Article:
Case of the Day: Momentous.ca v. Canadian American Ass’n of Professional Baseball

The case of the day is Momentous.ca v. Canadian American Association of Professional Baseball, Ltd., 2012 SCC 9. HT to Stephen Pitel and Antonin Pribetic for bringing the case to light.

The decision doesn’t explain the underlying dispute, but Ajit Singh has a good summary. The dispute arose out of a failed attempt to bring professional baseball back to Ottawa. After the new Ottawa Rapidz failed to make a go of it, the team’s owners applied to the Can-Am League for a voluntary withdrawal, but the League denied its request and terminated the team’s membership and drew on the team’s $200,000 letter of credit. The team’s owners sued.

The agreements between the team and the league had an arbitration and forum selection clause—not set out in the decision—that provided for arbitration of disputes and that provided that the parties consented to the personal jurisdiction of the North Carolina courts. (It’s not clear from Singh’s summary or the decision whether the the choice of forum clause was an exclusive clause, or whether the parties simply agreed to waive the defense of want of personal jurisdiction if either decided to proceed in North Carolina. Given the decision, I assume it had to be an exclusive clause).

The League appeared in the action and served their statement of defense, and then moved to dismiss on the grounds that the litigation was barred by the arbitration and forum selection clauses. The court held that dismissal was appropriate even though the motion to dismiss was brought after the League had answered the complaint. In other words, there is no rule that such a motion is per se improper if brought after the statement of defense.

I cannot really evaluate the merits of the decision, as it is involves questions of Canadian law. Antonin’s post criticizes the decision as a triumph of form over substance and suggests, I think, that a defendant that files a statement of defense instead of an immediate defense either has waived the argument based on the forum selection and arbitration clauses or is estopped to assert them. Stephen’s post is friendlier to the outcome, noting a consensus among commentators that the case is rightly decided but questioning whether it is well-reasoned.

For comparison, I think that in the US this case would be relatively straightforward. Exclusive choice-of-court clauses are generally held not to divest courts of their jurisdiction; motions to dismiss are generally treated as motions based on venue or other considerations. So under Rule 12 of the Federal Rules of Civil Procedure, the argument must be raised in a pre-answer motion, or at the latest, in the answer, else it is waived. Even if it is waived in the answer, it must be argued in a timely way—a court will likely deem it waived if the defendant waits to long to seek dismissal.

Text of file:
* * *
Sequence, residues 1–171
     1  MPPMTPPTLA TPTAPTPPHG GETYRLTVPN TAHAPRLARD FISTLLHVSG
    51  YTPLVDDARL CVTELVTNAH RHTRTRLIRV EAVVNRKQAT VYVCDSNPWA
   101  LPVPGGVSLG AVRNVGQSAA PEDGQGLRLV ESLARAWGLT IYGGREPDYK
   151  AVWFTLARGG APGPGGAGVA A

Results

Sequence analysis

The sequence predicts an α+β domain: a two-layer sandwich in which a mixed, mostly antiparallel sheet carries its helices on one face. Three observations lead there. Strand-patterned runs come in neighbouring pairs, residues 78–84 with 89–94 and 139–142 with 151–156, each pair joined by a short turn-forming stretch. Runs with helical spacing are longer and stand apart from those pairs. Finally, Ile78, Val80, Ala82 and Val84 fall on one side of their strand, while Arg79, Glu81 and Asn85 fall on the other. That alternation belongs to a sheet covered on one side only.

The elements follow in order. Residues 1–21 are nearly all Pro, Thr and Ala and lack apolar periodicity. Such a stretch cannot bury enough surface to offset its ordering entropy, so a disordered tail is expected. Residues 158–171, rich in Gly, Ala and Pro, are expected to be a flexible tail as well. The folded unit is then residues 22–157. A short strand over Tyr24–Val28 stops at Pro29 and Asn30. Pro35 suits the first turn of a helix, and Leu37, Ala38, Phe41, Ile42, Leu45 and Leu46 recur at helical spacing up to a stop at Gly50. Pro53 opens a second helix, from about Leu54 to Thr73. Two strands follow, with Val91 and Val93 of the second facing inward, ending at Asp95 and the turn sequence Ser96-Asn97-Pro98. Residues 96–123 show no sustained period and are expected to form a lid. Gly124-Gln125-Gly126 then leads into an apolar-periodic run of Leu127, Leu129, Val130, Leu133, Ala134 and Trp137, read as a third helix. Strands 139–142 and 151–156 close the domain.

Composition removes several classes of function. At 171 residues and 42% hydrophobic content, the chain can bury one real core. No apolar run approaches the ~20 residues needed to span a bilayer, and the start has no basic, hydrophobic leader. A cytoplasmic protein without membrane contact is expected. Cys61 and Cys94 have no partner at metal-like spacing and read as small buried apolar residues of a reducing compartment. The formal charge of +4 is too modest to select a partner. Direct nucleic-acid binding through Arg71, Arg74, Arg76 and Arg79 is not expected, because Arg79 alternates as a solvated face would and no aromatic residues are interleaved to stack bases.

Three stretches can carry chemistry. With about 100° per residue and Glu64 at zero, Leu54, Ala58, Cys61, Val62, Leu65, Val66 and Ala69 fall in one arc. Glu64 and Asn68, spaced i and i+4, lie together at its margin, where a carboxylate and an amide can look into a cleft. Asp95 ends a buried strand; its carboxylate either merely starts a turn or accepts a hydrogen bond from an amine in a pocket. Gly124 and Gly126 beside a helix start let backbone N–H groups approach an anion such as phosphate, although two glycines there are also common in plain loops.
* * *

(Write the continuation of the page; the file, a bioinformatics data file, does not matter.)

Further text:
About Ted Folkman

Ted Folkman is a shareholder with Murphy & King, a Boston law firm, where he has a complex business litigation practice. He is the author of International Judicial Assistance (MCLE 2012), a nuts-and-bolts guide to international judicial assistance issues, and of the chapter on service of process in the ABA's forthcoming treatise on International Aspects of US Litigation, and he is the publisher of Letters Blogatory, the Web's first blog devoted to international judicial assistance, which the ABA recognized as one of the best 100 legal blogs in 2012, 2014, and 2015.

One thought on “Case of the Day: Momentous.ca v. Canadian American Ass’n of Professional Baseball

  1. Ted,

    Here’s what I wrote in my case comment on the Ontario Court of Appeal’s decision in Momentous.ca v. Canadian American Association of Professional Baseball, Ltd::

    “What is remarkable about the Momentous.ca appeal decision is not the result. The arbitration and forum selection clauses were both valid and enforceable and the plaintiffs should have litigated in North Carolina. Rather, the Court of Appeal’s reasoning is quixotic when minimizing the defendants’ attornment. Consent may be explicit or implicit; voluntary or involuntary; informed or uninformed.

    In any case, giving consent has consequences. In Momentous.ca, the defendants’ attornment by defending on the merits constituted waiver and estoppel. In other words, while the defendants may have consented to another jurisdiction contractually, the deliberate act of defending the plaintiffs’ action in Ontario equates to waiver of its original choice.

    The implications are two-fold.

    First, when a defendant consents to the Ontario jurisdiction by submission or attornment, it concedes jurisdiction simpliciter and should not be permitted to rely upon a forum selection/exclusive jurisdiction clause or arbitration clause based upon its post-contractual conduct. Second, the defendant may still move to stay the proceedings based upon forum non conveniens.

    In this way, the contractual principles, which inform consent-based jurisdiction, remain intact.”

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